''Sport and Franco-German Reconciliation''
Jean-Christophe Meyer Spoke about the Power of Sports as a Political ToolApril 21st, 2016
Sports has played its part in the reconciliation between the French and the German people. Individual and amateur sports like cycling (especially the “Tour de France”) were important in this process but during this lecture, Jean-Christophe Meyer chose to focus on the role of professional football as it is one of the most popular sports in both countries. After the Second World War, the question was « Should we play against our former enemy? .
Jean-Christophe Meyer’s choice to focus on professional football is very interesting choice since at the same time as it was encouraging reconciliation after the first game between France and Western-Germany took place in France in 1952, a great sport rivalry was born. After the Second World War, the question was « Should we play against our former enemy? ». After the game, attended by many German fans, the French press commented it using the lexical field of the war and ironizing about the fact that Germans like to come to Paris and get comfortable there. Raymond Koppa, one of France’s best player at the time later told Jean-Christophe Meyer that the officials of the French Football Federation told the team that they weren’t allowed to lose this game.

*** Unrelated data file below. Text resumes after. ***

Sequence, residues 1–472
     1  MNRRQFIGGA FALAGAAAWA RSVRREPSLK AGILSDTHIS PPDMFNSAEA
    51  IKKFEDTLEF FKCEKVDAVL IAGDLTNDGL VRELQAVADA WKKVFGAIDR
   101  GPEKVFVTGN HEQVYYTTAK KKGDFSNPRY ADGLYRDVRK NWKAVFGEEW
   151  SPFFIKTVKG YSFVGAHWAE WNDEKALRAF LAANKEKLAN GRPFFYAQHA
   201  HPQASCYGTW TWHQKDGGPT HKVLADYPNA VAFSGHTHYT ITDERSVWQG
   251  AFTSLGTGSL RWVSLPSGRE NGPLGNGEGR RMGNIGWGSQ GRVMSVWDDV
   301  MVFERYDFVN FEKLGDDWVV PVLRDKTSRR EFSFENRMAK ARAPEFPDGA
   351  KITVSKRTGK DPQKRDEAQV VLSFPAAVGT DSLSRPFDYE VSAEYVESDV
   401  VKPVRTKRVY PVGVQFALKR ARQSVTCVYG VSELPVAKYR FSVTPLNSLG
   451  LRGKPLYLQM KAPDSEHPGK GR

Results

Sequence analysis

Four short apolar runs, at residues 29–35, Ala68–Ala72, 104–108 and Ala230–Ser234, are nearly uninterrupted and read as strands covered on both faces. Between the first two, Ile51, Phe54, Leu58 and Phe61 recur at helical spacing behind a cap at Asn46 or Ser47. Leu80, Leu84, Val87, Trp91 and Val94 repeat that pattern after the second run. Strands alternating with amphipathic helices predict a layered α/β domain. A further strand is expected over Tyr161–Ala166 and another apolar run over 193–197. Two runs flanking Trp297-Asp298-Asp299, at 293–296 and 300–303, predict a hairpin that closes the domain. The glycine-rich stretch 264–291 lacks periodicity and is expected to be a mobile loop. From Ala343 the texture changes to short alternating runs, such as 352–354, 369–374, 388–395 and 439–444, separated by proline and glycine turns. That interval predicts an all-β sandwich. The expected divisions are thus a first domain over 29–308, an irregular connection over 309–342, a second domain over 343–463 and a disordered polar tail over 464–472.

Even though the two countries only played each other four times in official competitions since then, the rivalry has been pretty intense. It reached its highest point in 1982 in Sevilla during the semifinals of the World Cup when the German goalkeeper Harald Schumacher committed a hard foul on the French forward Patrick Battiston that wasn’t sanctioned by the referee. After this incident, French media stated that this game wasn’t fair and started to use the old image of the « mean German » again. The examples of the 1952 and 1982 France-Germany games show that, at the time, these confrontations were much more than simple football games. Jean-Christophe Meyer explains that these games helped canalize any animosity between the two countries on the pitch and, by doing so, helped the reconciliation process.
Nowadays, France-Germany confrontations don’t have the same intensity and are almost like any other international game as the quarterfinal during the 2014 World Cup in Brazil showed. Looking back at the history of these France-Germany games, we can see than both societies have come a long way and don’t see each other as enemies anymore but simply as sports rivals.
Cultural Diplomacy News
Pierre Even, CD News